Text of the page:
I only say this as a physicist. While I've found my work probably more interesting than I would find Nuclear Engineering, particularly in industry, my pay has a been a fraction of that, with a lot more time put into my training and education. I'm now in a position where it's rather difficult to get a job, and even if I was willing to live in the desert and work on weapons at LANL, the pay would still probably lag behind what a accomplished nuclear engineer makes in industry. And they get a ~5 year head start because they don't need a Ph.D. Similar arguments probably apply to geophysics (think oil/petroleum engineer) and a few other specialties. If money is your goal, good money and fast, than engineering is probably a better bet than physics. You can certainly do well as a physicist, but you will probably wait until your mid 30's before you crack 6 figures, if you do, while you can do it at a younger age with less education in other disciplines.
     
  9. Aug 2, 2013 #8
    Hmm okay so you say engineering is better than physics, now I would ask if an institution would accept me to a master's program in engineering taking into account that I graduated from physics.
     
  10. Aug 2, 2013 #9
    Some programs do, some expect you to make up more classes. I don't think there is a lot in Nuclear E that is taught to undergrad engineers, so as a physics BA/BS, you might not have to play any catch up during your Masters. This was true for the couple of BA physics people I know who got their Masters in Nuc E. Other types of engineering like mechanical or electrical would probably require you to make up some prerequisite classes.

    I'd just warn you that the mindset of engineers and physicists are often different (in my experience). So I'd think about what you are really trying to accomplish. Is money the most important thing?
     
  11. Aug 2, 2013 #10

    phyzguy

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    With a major in physics and a minor in EE, you should have no problem being accepted into an MSEE program. I think EE is a better field than Nuclear Engineering these days anyway - the future of Nuclear Engineering is highly uncertain (unfortunately IMHO). There are lots of highly paid EE jobs out there if you are talented and work hard.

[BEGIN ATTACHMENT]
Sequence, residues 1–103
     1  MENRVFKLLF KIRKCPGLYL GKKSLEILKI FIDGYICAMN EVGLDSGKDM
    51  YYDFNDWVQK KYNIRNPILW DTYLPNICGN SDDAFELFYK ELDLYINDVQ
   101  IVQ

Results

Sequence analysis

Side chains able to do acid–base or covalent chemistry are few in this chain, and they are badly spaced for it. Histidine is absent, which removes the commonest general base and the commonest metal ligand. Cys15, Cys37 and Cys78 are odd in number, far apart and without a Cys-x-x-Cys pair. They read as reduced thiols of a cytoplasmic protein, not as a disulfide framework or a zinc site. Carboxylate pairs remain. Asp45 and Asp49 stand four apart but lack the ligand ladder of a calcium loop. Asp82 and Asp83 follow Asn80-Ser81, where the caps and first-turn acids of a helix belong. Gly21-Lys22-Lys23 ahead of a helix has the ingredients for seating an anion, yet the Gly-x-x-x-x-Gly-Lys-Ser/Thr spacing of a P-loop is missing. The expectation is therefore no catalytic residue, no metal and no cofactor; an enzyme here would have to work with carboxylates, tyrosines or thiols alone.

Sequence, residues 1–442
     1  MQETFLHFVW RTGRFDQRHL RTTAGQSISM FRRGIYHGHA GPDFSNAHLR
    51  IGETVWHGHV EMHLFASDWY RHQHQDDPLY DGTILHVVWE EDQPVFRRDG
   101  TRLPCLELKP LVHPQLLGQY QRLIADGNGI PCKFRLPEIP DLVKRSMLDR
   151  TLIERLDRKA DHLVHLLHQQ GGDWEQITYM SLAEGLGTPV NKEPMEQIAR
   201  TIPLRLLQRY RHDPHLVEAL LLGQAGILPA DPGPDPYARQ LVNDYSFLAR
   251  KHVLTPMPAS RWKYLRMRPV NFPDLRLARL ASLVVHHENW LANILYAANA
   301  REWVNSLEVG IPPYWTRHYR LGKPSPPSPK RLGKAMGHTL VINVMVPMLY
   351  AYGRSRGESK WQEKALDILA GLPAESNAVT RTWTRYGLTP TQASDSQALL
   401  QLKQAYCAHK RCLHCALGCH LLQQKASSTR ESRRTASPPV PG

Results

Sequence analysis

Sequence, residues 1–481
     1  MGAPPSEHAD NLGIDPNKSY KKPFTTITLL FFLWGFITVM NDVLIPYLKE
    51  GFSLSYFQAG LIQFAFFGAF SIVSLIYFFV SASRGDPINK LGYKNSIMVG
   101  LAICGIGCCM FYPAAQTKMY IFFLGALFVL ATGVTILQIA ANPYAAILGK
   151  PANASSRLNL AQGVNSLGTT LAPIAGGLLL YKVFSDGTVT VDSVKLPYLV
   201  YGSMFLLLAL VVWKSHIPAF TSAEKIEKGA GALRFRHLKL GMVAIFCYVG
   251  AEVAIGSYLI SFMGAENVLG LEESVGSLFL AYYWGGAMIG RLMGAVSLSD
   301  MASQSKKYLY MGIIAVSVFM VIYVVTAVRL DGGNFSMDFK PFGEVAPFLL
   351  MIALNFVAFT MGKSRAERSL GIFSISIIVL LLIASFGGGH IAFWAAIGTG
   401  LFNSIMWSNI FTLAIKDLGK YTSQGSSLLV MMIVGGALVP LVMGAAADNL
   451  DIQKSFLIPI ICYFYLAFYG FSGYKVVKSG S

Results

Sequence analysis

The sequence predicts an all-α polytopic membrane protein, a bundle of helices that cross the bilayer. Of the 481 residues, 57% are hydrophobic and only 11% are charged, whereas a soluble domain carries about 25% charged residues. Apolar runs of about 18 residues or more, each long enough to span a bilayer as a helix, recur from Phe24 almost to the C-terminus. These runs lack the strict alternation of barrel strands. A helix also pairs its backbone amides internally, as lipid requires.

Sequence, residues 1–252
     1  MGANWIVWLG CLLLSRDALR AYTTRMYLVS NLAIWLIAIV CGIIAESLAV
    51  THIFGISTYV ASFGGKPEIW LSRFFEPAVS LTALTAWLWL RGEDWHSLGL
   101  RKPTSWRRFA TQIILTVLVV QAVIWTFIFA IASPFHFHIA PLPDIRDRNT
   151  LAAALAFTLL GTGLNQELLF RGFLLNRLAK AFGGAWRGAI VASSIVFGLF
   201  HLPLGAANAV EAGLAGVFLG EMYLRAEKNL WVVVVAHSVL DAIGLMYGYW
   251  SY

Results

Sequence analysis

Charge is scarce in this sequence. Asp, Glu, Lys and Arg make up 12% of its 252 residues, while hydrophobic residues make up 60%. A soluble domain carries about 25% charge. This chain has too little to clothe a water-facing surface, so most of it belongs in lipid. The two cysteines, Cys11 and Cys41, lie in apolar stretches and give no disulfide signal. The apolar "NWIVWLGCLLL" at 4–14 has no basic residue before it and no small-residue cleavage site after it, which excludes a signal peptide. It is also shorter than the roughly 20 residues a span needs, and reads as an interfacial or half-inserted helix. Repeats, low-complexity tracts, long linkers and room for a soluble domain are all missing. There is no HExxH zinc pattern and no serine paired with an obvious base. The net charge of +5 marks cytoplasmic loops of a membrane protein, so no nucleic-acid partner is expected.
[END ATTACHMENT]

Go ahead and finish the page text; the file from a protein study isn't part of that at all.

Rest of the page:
12. Aug 2, 2013 #11
    Yes you can get into a graduate nuclear engineering program but you may have to take some catch up courses, especially courses in heat transfer and fluid mechanics. There is a lot of mechanical engineering core courses in an undergraduate nuclear engineering program. In fact for me the first two years were the exact same courses mechanical engineering students were taking. Our program is partnered with University of Wisconsin Madison nuclear program and we spend our last semester there as well so if you want to see the curriculum check that out
     
  13. Aug 2, 2013 #12
    Okay I will check the curriculum of Nuclear Engineering program and I will also consider applying for an engineering degree (probably electrical engineering). Money is pretty important for me now by the way.
     
  14. Aug 3, 2013 #13
    I should point out that even if you get a nuclear engineering degree since you get a strong background in mechanical engineering you should still be able to find a job. In fact a lot of nuclear engineers are in fact mechanical or electrical engineers by degree. So if you get a masters in electrical engineering you should still be able to find a job in the nuclear energy field if you so desire. My next degree will be in one of the more traditional fields, Im thinking mechanical engineering with a focus on thermal sciences